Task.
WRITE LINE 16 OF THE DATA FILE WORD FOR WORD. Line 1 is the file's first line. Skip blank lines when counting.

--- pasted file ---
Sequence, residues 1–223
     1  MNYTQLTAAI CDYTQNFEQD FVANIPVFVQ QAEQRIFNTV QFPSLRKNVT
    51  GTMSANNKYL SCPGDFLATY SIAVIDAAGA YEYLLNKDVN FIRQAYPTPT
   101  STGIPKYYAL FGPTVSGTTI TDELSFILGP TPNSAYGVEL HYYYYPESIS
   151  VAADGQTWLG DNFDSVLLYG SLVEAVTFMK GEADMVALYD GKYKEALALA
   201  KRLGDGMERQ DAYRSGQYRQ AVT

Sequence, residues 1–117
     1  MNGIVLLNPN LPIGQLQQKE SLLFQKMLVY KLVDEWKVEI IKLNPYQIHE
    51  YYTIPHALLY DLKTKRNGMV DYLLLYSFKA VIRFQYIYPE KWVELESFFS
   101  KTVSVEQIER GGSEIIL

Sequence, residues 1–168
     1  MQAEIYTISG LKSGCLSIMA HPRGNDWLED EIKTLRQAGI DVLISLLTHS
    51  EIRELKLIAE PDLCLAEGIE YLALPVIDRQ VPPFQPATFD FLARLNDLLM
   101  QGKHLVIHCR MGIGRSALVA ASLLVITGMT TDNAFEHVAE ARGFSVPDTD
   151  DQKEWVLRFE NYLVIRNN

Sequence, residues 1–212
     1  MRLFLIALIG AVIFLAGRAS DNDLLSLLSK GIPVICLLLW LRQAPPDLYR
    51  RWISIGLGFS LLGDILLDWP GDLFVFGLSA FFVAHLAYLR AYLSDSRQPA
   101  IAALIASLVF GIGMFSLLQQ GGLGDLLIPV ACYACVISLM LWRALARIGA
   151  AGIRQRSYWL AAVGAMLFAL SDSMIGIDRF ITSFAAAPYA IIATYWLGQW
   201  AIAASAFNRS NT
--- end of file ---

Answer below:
Sequence, residues 1–212